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>> we will reconvene with the directors here on the 20th of november. >> a lot of diplomatic language there, phil, but just how much do you think that you can read into that, especially given that we just heard from our guest that they can say one thing and say that they are close to a deal with the reality could well be something quite different. >> yes, obviously, jonathan, this is diplomatic speak. if you have covered any of these meetings before, they may come out and say one thing and might have smiles on their faces but, you know, this is not where they wanted to be. when these talks started, there was cautious optimism. that was the buzzword floated around here. the fact that they have not been able to come to an agreement certainly will be a disappointment.
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and so all of this talk of optimism, hope, good faith and what-have-you and progress made over the last three days certainly we did hear during this process that progress was being made. we heard even before the talks started in a background briefing with the u.s. delegation that they thought that it was the first time that the iranians had ever come to these talks in earnest, willing to talk, sit down and hash out something but will they lose that momentum? will there be interference from outside? you know, they would not call for more talks and a resumption of these talks on the 20th if there was nowhere to go with this. it is not dead. does not look to be death at this point but there were some issues that were a road block overcome. >> it is in the interests of iran to reach an agreement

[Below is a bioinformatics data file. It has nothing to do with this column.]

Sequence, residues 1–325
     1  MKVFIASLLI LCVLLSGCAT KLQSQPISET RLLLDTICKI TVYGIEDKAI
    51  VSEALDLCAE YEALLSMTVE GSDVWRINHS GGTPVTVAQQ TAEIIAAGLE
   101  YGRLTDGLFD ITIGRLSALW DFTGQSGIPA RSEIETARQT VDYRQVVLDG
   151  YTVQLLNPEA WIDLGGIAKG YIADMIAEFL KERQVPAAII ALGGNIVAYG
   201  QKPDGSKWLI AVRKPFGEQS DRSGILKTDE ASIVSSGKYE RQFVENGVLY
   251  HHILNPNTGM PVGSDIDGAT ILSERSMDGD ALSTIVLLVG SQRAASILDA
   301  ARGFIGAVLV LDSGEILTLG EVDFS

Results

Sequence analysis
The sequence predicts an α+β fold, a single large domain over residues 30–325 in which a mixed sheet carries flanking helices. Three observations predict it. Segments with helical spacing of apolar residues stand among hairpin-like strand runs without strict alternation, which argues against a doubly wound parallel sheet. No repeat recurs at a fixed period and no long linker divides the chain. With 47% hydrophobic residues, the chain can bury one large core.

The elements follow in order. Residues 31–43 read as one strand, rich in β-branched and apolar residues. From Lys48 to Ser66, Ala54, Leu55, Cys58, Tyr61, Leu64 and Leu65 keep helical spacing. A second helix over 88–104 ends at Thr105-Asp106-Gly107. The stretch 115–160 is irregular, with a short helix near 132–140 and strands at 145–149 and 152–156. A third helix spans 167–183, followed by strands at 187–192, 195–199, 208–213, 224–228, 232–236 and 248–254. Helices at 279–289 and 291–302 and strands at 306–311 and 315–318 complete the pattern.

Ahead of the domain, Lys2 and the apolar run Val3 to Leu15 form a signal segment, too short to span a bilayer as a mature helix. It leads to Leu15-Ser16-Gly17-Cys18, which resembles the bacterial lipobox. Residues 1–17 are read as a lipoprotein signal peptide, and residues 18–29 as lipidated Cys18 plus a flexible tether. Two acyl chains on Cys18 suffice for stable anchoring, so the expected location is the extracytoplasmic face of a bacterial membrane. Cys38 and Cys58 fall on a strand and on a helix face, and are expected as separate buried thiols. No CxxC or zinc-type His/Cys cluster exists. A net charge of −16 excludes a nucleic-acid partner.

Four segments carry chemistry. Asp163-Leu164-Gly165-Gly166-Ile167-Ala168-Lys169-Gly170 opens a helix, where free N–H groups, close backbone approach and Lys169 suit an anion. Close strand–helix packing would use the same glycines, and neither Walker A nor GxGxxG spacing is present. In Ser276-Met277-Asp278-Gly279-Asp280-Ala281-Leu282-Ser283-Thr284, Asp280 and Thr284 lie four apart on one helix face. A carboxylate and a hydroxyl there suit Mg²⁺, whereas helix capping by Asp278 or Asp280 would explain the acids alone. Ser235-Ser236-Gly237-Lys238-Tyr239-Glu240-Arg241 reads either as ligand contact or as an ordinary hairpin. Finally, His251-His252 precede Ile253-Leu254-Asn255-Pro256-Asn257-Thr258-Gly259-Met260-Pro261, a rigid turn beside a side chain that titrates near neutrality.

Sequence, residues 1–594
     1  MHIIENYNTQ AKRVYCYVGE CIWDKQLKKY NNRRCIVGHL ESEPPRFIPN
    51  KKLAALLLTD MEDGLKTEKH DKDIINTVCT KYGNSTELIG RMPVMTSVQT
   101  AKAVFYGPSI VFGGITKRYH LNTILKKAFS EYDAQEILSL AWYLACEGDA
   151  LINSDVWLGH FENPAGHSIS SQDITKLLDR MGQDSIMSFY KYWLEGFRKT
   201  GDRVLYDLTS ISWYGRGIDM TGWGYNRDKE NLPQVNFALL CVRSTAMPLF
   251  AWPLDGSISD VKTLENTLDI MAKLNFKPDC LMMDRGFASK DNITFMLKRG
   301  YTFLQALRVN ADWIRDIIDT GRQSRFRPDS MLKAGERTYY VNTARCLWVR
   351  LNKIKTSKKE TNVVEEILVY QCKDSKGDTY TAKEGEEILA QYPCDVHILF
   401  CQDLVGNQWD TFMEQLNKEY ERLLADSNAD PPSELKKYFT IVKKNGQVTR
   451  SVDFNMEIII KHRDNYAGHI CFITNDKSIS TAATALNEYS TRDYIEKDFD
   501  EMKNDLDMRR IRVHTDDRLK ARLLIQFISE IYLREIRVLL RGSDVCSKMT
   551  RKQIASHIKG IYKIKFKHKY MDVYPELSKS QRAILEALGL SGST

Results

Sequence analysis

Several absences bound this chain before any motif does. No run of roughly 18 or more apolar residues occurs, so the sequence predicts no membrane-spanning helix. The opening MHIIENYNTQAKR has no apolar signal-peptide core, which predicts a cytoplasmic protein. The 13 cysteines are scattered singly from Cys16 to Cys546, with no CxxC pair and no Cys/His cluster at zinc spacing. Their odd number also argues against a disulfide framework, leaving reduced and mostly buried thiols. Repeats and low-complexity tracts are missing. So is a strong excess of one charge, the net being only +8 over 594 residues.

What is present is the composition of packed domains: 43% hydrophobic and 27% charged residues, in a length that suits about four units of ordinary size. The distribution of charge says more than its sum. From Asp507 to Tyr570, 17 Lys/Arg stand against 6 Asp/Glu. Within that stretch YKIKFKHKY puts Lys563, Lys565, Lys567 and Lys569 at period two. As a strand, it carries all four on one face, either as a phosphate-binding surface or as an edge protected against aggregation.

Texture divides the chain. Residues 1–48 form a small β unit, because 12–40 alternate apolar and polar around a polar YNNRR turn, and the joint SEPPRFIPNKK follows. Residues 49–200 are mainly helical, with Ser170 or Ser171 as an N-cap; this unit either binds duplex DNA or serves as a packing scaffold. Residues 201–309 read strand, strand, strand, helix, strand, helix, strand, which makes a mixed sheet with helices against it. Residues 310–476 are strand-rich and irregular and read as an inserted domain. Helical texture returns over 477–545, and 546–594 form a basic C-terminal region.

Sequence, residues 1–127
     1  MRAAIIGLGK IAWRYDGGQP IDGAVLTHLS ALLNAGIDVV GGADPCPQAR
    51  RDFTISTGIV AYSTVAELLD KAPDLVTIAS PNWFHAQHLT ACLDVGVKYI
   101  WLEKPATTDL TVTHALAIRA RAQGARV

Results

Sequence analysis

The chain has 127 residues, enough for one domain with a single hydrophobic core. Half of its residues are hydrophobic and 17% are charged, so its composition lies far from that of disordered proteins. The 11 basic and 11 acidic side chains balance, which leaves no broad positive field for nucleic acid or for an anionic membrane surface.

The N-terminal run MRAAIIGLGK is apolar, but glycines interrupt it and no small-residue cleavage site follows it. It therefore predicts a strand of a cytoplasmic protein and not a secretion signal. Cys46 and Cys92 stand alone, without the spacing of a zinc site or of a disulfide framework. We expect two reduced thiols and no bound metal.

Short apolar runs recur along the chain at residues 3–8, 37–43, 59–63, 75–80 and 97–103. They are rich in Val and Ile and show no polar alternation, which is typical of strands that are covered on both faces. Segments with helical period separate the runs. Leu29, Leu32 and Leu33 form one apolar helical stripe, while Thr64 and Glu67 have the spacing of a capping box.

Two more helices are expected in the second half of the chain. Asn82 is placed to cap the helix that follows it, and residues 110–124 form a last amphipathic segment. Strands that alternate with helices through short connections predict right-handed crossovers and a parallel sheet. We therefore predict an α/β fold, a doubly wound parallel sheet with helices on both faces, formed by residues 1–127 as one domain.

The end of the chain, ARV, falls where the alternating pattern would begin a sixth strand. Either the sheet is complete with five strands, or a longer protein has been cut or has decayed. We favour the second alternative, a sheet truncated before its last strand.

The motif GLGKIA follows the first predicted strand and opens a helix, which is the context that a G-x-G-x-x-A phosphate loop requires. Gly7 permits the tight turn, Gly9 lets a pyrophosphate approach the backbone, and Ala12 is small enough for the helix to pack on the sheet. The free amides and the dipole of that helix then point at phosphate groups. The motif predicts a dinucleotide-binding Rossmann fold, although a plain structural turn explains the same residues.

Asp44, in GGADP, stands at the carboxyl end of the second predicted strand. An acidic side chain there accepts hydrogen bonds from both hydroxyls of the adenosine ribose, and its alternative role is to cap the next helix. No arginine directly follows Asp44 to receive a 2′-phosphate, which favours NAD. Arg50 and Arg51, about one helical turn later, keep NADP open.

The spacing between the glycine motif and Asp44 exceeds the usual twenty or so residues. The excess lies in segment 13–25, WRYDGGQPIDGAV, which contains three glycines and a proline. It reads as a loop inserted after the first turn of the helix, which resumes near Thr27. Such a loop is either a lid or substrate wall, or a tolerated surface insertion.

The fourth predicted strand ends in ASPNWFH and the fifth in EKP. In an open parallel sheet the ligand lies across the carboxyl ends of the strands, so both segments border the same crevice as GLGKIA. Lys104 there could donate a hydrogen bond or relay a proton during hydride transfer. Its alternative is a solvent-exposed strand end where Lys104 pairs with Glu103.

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because the country is struggling because of these sanctions but if something does not happen. if there is no deal reached, is there any more ref rank from the united states, other world leaders, to squeeze even tighter? >> well, that is a very good question, jonathan, something that was addressed even before these talks began because there are hardliners back in the states, you know, on the hill who say, well, the sanctions brought the iranians to the >> start with one issue education... gun control... the gap between rich and poor... job creation... climate change... tax cuts... the economy... iran... healthcare... it goes on and on... ad guests on all sides of the debate. and a host willing to ask the tough questions and you'll get... the inside story theses are strait forward conversations, no agenda, just hard hitting debate on the issues that matter to you
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ray suarez hosts inside story weekdays at 5 eastern only on al jazeera america them to go but the us delegation that came in here, they told us that -- that quite the opposite could happen, that that could actually poison the well and make things worse, make the stress so unbearable that the iranians will see those sanctions as pure belligerence and then walk away. if that is to happen, it will be a dangerous situation because it means that the diplomatic path will have closed and what happens after that, well, you know, there have obviously been talks of a military option but the u.s.a. says that that should be the absolute last option on the table. they much prefer the idea of trying to talk to the iranians. they do not -- there has been no discussion of a complete lifting of sanctions. they say that possibly by easing some things, perhaps as the iranians would like to see an